I may have been slightly concussed while writing the review for A Nightmare on Elm Street 5: The Dream Child. But, there is no confusion or fogginess in regards to this travesty of a movie. Freddy’s Dead: The Final Nightmare is a terrible film. It’s quite possibly the worst movie I’ve seen this year, and that’s saying something, considering I seek out bad movies. Billed as having “Saved the Best for Last,” this was the film meant to send the character of Freddy Krueger out with a bang — a grand finale that audiences would remember for all time. Continue reading “Attack of the Franchise Sequels: Freddy’s Dead: The Final Nightmare”
It Happened at Nightmare Inn is something of a travesty. It’s a victimization of what looked to be a fairly decent Spanish horror flick from 1973 called A Candle for the Devil. That film is an 83-minute-long flick about a pair of murderous sisters who run a B&B in a rural village in Spain. It Happened One Night is a 67-minute-long cut of that film with all the juicy bits removed for American television. The cuts are so ruthless that it’s obvious to the viewer that key scenes are missing. So much has been excised that it ruins much of the storytelling, as important plot points are passed over. If at all possible, I recommend potential viewers stay away from the TV cut, unless they are curious to see what happens when a toddler with a pair of scissors is allowed to edit an already finished film.
From screenwriters Antonio Fos and Eugenio Martin, and directed by Martin, Nightmare Inn follows Marta and Veronica (Aurora Bautista and Esperanza Roy), two very Catholic sisters who spend their time judging the lifestyles of their guests. Should a female guest dress scandalously, or stay out late into the evening, there follows a severe scolding and a murder. The two are so holier-than-thou it’s infuriating, and also makes for a compelling premise. Continue reading “October Horrorshow: It Happened at Nightmare Inn, aka A Candle for the Devil”
We’ve seen a lot of franchise horror flicks here at Missile Test. We’ve seen horror franchises go from good to bad, as they are wont to do. We’ve seen creativity turn to shameless cash-grabbery, but we’ve never seen a horror franchise treated as poorly by its stewards as the Amityville franchise. Perhaps that’s because it has been through so many different hands. From George Lutz, to Samuel Z. Arkoff, to Dino De Laurentiis, to NBC, Image Organization and Vidmark, Amityville has always been in the hands of people who were just looking to make a quick buck. No thought has ever been given to continuity, and ongoing disputes with Lutz meant the word ‘Horror’ has only been in the original film’s title, and its 2005 remake. With this fifth movie the producers decided to go direct-to-video, acknowledging that there isn’t much else to offer viewers other than crap. Continue reading “Attack of the Franchise Sequels: The Amityville Curse”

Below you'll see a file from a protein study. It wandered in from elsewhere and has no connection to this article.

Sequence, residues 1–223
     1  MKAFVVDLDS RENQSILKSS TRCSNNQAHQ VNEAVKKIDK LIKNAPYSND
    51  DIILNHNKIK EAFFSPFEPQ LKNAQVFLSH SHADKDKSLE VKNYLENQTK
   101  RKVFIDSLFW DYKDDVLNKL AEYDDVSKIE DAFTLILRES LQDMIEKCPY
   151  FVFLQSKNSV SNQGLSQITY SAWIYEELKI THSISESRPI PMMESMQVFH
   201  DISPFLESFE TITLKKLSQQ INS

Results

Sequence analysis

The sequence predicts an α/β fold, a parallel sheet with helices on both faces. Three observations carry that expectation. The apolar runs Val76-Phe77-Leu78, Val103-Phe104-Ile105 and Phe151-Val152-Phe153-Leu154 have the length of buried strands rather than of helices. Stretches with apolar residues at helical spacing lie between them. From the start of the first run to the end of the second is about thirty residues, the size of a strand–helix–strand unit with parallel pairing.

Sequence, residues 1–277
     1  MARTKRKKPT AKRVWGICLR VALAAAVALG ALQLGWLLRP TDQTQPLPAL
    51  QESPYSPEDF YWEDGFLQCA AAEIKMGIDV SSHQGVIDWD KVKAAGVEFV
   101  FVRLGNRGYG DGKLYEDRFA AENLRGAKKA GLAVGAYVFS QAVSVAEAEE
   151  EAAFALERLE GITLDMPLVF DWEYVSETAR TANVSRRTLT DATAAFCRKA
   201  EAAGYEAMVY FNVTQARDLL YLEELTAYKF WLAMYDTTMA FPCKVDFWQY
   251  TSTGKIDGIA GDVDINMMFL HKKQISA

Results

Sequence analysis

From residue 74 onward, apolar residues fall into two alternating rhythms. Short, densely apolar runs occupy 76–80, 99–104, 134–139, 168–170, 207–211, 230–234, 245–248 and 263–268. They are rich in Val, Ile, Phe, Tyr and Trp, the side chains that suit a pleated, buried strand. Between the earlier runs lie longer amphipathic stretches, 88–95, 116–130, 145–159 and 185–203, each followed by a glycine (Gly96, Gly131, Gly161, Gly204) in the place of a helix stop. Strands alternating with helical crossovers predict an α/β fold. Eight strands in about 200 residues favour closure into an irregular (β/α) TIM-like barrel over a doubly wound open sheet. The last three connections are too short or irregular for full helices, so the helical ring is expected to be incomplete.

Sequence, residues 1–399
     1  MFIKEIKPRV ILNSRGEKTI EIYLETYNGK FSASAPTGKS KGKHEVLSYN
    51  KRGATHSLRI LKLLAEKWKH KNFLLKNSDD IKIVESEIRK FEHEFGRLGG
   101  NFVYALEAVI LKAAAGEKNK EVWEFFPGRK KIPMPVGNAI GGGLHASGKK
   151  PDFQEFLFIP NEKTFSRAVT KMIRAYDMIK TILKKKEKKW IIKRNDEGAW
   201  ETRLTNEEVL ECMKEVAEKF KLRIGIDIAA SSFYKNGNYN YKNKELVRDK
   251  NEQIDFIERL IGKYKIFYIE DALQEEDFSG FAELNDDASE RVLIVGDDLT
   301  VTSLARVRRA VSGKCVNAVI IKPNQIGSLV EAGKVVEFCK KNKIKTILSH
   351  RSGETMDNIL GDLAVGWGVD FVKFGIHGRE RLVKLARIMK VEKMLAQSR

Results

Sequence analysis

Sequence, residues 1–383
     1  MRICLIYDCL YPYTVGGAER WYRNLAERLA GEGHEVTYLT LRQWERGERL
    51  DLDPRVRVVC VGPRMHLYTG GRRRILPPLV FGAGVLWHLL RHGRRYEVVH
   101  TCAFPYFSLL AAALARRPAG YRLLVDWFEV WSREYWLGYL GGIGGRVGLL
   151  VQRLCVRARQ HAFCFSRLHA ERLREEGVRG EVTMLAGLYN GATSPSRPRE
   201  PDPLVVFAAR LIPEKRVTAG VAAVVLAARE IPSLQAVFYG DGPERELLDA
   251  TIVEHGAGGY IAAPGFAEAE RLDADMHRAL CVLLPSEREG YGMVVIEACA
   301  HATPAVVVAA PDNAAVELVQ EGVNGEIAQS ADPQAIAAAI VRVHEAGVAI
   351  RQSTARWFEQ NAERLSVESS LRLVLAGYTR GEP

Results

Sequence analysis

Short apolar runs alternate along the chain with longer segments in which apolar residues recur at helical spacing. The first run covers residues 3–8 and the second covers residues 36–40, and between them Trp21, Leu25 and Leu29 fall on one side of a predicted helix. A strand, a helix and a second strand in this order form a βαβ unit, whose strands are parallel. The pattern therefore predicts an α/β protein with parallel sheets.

An older, rarely-used maxim here at Missile Test is that we have never met a movie we wouldn’t watch…for at least fifteen minutes. It’s a test. Sometimes a movie is so bad early on, so clear that it’s an unwatchable mess, that fifteen minutes is all it takes for one to know it’s not worth spending any more time with. I managed to make it through an hour of this piece of shit before abandoning it, but that was only because of my own stubbornness. This awful movie failed the fifteen-minute test.
From writer/director Matt Mitchell, The Rizen: Possession is the sequel to his 2017 film, The Rizen. I haven’t seen that flick, so the fact that Possession is an incomprehensible mess might be due to missing some important backstory. However, no sequel should be so opaque that viewers who haven’t seen what came before would be hopelessly lost. Continue reading “October Horrorshow: The Rizen: Possession, aka The Facility”
Oh, woe is this horror franchise. First in the hands of Samuel Z. Arkoff and American International Pictures, then picked up, with a trademark dispute, by Dino De Laurentiis and his company, and now, for this fourth film, into the grasp of American network television. Has any other iconic horror franchise been treated so poorly? I can’t think of one.
Amityville 4: The Evil Escapes, from 1989, is, believe it or not, not the worst horror film I’ve ever seen. But, it’s from the time before the internet age, when network television movies were a special kind of anti-art, purposefully devoid of most sharp edges. Yes, this was the era of television movies that brought us Roots, but there was a definite ceiling to the quality of a TV movie. Film critic Leonard Maltin, in his gigantic movie guide books, would not award stars to television movies, instead rating them as ‘below average,’ ‘average,’ or ‘above average.’ That makes sense. The difference in quality between television and film in the heyday of Maltin’s books was a vast gulf compared to today. This particular television movie I would rate as average. Had it been intended for cinema, I would rate it a ‘bomb.’ Continue reading “Attack of the Franchise Sequels: Amityville 4: The Evil Escapes”